“Renew the Face of the Earth!” | Homily for Pentecost Sunday 2018

“Lord, send out your spirit, and renew the face of the earth!”

Today we celebrate the culmination of the Easter Season – the fulfillment of the promise made by Christ to his disciples to send another Advocate, a counselor. Today, the whole Church rejoices in praise and thanksgiving and receives with great joy the gift of the Holy Spirit who came down upon the apostles and Mary in the Upper Room in Jerusalem and, in an equally real way, comes down upon us in this house even now.

This solemnity is ultimately about one thing: mission. Christ’s mission, carried out by the Church, is to bring salvation to the ends of the earth; to seek and to save what is lost; to make all things new.

Our involvement in this mission and our fidelity to it make all the difference. The preaching of the gospel to every corner of the earth is not the job of priests and deacons and “Church people” alone; this is the message entrusted to each and every one of us. Whenever we gather in this church for the celebration of Mass, we renew our fidelity to the new and eternal covenant; then, marked by the blood of that covenant, the blood of Jesus Christ, we are sent out with his word and Spirit and, by them, bring Christ to the world. Mass – in Latin, ‘Missa’ – means “sending” or “mission.” Therefore it follows that what we do here – the proclamation of the Word of God, the renewal of fidelity to the new covenant by partaking of the one bread and cup, doing it in memory of the One who gave it to us, praying with and for one another, and then being sent forth out among the nations of suburbia – is something of a microcosm of the whole mission of Christ and his Church.

The essence of this mission can be summed up in two words: Power and Gift. Consider the power of the Holy Spirit in the lives of those apostles gathered in the Upper Room. Imagine what is was to be an apostle – Christ is gone, the Jewish community is skeptical of you, at best, and, at worst, wants you gone; so you’re resigned to being locked in a room out of fear when, out of nowhere, a “strong driving wind” fills the entire house where you are. As you look around, “tongues as of fire” are falling from the sky – not upon the furniture, not upon the windows or the floor, but upon you. Then, a new and indescribable feeling: utter fulfillment and peace. Surely this ordeal would have created quite a ruckus.

Indeed it did, for “at the sound” a large group of devout Jews visiting Jerusalem “from every nation” gathered into a large crowd and heard the apostles speaking, but each in his own native tongue. The power of the Holy Spirit spilled out of the upper room and into the lives of all those who heard. The Holy Spirit is still as active in the Church and in us as he was in the upper room. What kind of sound does our parish make? What is the Holy Spirit doing in us that is attracting those who drive by here every day, who know nothing of us or our mission? When people encounter us – you and me – in the grocery store or the park, the office or classroom, do they hear us speaking their language? We are Christians, and are real people living in the real world at the service of the real mission: to go out to every place and bring those we meet to Christ.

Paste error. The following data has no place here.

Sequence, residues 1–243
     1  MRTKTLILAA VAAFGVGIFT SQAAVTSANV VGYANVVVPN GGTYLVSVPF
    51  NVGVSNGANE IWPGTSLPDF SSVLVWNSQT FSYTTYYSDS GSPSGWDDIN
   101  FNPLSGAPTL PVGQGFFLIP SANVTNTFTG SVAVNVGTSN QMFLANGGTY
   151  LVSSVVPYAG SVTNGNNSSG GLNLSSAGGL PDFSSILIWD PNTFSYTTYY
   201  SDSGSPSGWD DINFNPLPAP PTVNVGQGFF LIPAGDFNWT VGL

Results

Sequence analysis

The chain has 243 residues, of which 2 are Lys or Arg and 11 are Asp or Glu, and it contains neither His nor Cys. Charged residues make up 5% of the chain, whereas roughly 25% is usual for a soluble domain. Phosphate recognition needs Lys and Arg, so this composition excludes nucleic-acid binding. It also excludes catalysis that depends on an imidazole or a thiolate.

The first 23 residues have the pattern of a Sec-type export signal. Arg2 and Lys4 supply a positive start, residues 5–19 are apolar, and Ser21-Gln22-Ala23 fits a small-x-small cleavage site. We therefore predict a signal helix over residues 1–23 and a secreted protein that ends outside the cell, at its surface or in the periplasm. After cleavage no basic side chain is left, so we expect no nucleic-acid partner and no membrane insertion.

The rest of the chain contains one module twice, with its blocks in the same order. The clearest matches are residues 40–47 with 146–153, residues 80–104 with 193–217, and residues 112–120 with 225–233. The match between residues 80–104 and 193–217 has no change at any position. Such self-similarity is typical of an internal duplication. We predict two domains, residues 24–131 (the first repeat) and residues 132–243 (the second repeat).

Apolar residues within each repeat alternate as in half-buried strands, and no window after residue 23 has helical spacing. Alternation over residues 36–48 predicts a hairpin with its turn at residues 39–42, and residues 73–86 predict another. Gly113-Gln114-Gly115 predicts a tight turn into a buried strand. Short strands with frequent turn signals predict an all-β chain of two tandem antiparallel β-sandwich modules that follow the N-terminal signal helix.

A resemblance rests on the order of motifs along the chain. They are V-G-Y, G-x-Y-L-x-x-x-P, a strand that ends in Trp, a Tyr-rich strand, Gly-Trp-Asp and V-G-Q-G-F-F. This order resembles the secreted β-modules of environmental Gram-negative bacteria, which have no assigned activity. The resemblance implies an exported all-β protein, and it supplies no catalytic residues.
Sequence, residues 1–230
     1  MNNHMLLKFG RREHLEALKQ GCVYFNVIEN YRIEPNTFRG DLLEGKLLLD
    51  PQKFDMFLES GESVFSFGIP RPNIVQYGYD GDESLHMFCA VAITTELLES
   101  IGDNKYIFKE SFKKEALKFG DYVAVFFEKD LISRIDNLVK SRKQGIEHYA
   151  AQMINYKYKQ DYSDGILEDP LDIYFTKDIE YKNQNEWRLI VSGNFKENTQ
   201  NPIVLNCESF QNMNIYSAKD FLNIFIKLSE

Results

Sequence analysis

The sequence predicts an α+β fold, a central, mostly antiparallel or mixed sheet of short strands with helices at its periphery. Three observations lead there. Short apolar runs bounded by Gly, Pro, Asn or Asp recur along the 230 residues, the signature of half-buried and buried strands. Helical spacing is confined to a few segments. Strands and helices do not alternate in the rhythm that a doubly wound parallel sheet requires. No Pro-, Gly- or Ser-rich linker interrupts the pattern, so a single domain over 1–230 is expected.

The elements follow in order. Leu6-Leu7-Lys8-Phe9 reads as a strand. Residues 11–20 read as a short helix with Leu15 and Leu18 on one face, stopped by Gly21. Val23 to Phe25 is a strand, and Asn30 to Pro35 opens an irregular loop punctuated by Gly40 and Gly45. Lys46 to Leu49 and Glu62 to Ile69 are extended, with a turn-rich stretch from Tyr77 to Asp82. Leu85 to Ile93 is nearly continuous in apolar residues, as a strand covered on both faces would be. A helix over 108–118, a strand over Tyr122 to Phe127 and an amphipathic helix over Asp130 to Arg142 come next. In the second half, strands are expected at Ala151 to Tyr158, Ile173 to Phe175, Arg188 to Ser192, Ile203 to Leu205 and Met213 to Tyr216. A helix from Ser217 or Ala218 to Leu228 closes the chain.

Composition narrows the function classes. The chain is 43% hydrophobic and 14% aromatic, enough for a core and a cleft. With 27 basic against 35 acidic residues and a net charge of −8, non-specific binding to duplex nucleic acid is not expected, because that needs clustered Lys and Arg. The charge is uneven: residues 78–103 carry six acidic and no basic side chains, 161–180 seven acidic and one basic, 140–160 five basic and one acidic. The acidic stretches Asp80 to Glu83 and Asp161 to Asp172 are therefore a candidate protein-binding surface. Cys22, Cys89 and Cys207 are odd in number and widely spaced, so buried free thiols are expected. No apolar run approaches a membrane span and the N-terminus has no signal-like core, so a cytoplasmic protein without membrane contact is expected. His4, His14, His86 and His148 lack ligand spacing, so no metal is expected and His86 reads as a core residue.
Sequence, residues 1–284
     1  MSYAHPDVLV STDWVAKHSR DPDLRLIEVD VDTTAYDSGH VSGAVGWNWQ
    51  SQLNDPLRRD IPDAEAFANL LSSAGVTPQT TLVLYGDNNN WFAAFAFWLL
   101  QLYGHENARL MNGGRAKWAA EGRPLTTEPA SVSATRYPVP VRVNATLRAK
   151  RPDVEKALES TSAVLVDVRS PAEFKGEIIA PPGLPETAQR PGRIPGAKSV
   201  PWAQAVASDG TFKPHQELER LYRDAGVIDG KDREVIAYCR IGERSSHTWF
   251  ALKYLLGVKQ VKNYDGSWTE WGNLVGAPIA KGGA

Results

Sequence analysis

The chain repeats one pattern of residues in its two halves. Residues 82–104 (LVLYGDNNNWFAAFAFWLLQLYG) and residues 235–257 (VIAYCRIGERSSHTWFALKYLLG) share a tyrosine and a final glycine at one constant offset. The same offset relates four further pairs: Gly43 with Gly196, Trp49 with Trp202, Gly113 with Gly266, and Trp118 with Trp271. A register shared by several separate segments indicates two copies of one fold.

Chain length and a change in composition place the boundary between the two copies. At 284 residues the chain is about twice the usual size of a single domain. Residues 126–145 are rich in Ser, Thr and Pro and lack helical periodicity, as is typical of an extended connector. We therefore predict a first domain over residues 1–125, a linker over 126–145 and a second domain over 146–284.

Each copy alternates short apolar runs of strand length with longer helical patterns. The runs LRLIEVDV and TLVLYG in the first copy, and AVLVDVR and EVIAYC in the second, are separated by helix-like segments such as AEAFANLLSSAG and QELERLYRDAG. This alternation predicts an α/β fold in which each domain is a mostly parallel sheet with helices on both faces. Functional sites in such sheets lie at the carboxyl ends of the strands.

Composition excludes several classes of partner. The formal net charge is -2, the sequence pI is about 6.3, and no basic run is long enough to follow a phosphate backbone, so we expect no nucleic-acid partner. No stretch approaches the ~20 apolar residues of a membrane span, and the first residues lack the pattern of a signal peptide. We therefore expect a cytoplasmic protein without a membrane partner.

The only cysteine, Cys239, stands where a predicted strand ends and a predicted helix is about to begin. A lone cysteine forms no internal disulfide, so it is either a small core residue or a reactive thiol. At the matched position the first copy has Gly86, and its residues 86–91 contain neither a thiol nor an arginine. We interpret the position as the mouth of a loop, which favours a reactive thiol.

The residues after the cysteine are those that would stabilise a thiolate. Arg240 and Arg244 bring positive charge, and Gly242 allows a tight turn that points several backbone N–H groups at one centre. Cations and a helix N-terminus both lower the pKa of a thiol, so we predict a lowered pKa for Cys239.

Those who met the apostles in the streets of Jerusalem could not believe what they were hearing, and said to one another: “How can this be? We are Parthians, Medes, and Elamites, inhabitants of Mesopotamia, Judea and Cappadocia, Pontus and Asia, Phrygia and Pamphylia, Egypt and the districts of Libya near Cyrene, as well as travelers from Rome, both Jews and converts to Judaism, Cretans and Arabs, yet we hear.”

What do those who hear us say? “How can this be? We are businessmen and lawyers, bus drivers and teachers, first responders and fry cooks; we are Catholics and protestants, we are atheists and seekers from the East and West sides of the tracks…and yet we hear.”

The power of the Holy Spirit endows us with certain gifts, which we receive for the first time at our baptism and are strengthened and sealed in the Sacrament of Confirmation. There are the classic “gifts of the Holy Spirit” – wisdom, understanding, counsel, knowledge, fortitude, piety, fear of the Lord which inform the particular charisms needed to carry out the mission as it takes shape in our state and place in life. These charisms, according to Sherry Weddell, range from prophecy and the discernment of spirits to administration, service, mercy, and hospitality. By the power of the Holy Spirit and the utilization of these particular gifts which it endows in each one us, we are able to proclaim, with St. Paul, “Jesus is Lord!” The mission is one, but the body entrusted with carrying it out is built of many parts who are brought into one in Christ.

Just as it did not matter where those devout Jews in Jerusalem came from, there cannot be distinctions among us; in Jerusalem that day there was no Jew or Greek, slave or free; all “were given to drink of one Spirit.” Here, too, in this church in this town on this date in this year: the mission is real and we carry it out only with the help of the Holy Spirit who is alive and, indeed, is present in our midst.

As we approach this altar today, may our “Amen” be, too, an echo that sequence we heard before the Gospel today: Come, Holy Spirit! Come, Father of the poor! Come, comforter blest! Heal, wash, bend, melt, guide, and give: give us your power and your gift! Lord, send forth your spirit and renew the face of the earth!